The area being sprayed is from Apollo Road heading south toward Buckingham Road and Bowser Road heading east toward Jupiter Road. According to the press release, the city's decision to spray was a result of health officials being notified of a positive West Nile virus test.
Richardson officials said West Nile virus is transmitted by a bite from an infected mosquito that is already carrying the virus, but not all mosquitoes are capable of carrying or transmitting the disease.
According to the press release, the risk of being bitten by an infected mosquito in North Texas is greatest from July to October.
Health Department officials said Richardson uses pesticide in order to help prevent the spread of mosquito-borne disease transmitted by adult mosquitoes. The pesticide used to help control the mosquito populations is applied by using a truck-mounted ultra-low volume sprayer that puts out only a small amount of pesticide.
Spraying events are expected to last between 9 p.m.-4 a.m., though they may run until 4:30 a.m. depending upon the size of the spray area, according to the press release. City officials said they are scheduling spraying events during overnight hours to limit exposure to people who may wish to avoid contact with the pesticide used to control mosquito populations.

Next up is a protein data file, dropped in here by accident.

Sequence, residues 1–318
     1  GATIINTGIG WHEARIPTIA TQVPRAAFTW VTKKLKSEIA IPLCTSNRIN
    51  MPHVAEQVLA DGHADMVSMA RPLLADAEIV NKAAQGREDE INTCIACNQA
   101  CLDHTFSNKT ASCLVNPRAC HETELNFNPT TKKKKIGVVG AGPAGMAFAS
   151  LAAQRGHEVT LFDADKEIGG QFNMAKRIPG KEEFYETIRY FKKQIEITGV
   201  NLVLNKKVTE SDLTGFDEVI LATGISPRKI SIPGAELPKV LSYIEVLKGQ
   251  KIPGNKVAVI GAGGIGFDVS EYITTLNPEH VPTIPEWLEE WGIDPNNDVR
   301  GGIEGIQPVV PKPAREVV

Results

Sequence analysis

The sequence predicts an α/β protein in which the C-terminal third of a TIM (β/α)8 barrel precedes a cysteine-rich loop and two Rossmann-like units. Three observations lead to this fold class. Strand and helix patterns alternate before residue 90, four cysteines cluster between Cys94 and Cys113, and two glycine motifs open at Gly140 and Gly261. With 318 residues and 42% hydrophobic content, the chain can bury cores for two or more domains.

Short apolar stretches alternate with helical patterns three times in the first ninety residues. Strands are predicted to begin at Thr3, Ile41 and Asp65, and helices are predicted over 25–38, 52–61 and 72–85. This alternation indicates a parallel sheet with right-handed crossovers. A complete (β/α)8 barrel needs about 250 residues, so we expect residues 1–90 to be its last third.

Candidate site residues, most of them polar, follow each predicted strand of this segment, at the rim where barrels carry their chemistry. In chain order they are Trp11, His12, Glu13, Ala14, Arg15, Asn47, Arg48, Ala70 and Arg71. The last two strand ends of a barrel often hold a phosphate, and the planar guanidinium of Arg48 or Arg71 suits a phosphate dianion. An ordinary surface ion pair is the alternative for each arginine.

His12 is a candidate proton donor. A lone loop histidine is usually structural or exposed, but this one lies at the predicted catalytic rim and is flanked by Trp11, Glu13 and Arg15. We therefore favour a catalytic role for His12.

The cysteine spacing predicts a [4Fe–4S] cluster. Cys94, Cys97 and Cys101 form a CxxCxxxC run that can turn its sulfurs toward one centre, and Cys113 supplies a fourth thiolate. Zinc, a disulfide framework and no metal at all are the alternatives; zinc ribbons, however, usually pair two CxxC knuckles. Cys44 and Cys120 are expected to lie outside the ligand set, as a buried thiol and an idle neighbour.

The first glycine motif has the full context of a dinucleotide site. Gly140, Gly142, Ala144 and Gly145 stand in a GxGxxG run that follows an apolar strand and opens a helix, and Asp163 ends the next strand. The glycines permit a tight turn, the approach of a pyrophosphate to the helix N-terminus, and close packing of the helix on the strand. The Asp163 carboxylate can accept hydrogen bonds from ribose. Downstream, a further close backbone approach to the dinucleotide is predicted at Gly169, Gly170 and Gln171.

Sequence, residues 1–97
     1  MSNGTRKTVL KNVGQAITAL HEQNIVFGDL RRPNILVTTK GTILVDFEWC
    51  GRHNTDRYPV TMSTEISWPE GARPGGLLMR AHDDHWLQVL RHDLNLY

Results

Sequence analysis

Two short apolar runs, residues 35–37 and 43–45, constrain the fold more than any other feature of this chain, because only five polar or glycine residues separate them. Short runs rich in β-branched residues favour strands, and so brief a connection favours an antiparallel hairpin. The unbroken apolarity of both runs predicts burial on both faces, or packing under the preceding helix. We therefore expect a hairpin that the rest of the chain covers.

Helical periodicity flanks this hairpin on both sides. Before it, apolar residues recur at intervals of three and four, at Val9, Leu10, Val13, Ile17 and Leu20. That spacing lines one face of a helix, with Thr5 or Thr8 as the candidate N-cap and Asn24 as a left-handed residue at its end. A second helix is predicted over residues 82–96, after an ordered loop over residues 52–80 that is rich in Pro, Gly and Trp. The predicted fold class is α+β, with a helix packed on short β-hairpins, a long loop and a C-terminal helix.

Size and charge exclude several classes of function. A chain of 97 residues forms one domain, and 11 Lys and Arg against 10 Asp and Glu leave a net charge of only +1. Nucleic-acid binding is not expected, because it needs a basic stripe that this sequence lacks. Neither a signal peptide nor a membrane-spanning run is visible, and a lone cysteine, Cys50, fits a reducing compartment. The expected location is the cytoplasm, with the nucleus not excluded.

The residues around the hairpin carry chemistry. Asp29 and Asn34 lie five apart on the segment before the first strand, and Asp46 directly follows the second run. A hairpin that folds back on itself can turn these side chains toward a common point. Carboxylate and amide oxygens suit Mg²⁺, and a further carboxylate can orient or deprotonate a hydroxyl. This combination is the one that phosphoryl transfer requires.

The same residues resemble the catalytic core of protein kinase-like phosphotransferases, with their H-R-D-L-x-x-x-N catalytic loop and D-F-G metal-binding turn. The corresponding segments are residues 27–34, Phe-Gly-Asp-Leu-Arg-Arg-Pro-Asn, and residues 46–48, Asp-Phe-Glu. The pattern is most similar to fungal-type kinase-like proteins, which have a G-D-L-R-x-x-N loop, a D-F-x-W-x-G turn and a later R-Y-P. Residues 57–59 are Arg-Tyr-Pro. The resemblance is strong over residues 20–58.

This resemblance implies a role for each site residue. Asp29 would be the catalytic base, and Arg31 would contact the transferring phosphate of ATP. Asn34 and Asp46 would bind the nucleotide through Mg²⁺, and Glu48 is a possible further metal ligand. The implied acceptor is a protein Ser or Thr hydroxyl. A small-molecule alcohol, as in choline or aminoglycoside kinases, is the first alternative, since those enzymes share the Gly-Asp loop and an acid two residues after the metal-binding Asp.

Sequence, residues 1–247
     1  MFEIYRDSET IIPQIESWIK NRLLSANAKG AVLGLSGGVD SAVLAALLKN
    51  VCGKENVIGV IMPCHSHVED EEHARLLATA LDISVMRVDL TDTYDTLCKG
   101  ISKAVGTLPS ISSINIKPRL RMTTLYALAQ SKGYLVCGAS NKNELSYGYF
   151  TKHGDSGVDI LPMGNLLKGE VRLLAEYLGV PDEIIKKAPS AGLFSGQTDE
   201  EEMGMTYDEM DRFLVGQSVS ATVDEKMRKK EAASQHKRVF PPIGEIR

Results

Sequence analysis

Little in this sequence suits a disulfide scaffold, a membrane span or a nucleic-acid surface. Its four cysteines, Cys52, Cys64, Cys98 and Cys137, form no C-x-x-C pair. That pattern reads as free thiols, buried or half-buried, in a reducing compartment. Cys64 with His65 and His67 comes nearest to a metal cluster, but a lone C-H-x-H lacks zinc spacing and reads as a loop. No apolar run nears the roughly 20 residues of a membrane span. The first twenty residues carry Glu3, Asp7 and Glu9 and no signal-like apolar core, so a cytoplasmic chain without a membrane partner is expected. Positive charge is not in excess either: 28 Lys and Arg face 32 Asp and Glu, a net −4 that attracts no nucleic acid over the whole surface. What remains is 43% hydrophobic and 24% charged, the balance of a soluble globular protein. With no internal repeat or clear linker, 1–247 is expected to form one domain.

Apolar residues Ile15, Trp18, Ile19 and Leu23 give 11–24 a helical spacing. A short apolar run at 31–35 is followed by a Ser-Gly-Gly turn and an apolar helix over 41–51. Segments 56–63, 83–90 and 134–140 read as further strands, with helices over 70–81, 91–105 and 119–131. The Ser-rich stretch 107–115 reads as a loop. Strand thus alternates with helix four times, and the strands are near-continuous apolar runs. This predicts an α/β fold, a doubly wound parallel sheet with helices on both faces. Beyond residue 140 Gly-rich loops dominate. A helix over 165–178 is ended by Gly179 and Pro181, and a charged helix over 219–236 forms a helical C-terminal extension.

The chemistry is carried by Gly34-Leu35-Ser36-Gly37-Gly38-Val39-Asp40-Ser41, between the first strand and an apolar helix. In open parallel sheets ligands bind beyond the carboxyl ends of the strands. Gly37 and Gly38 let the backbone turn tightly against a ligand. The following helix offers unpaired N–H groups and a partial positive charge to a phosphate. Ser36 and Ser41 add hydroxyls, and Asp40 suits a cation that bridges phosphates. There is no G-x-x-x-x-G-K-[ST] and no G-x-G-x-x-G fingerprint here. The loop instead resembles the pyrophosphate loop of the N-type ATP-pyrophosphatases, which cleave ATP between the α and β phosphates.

City officials said residents should follow a few tips in order to protect from mosquito bites:
- Drain standing water around the home.
- Use insect repellent containing the chemical Deet.
- Avoid being outdoors at dusk and dawn when mosquitoes are most active.
- Dress to protect yourself with long sleeves and pants to reduce skin exposure.
For more information on Richardson’s mosquito abatement program or to sign up for the mosquito spraying email list, visit www.cor.net/mosquito.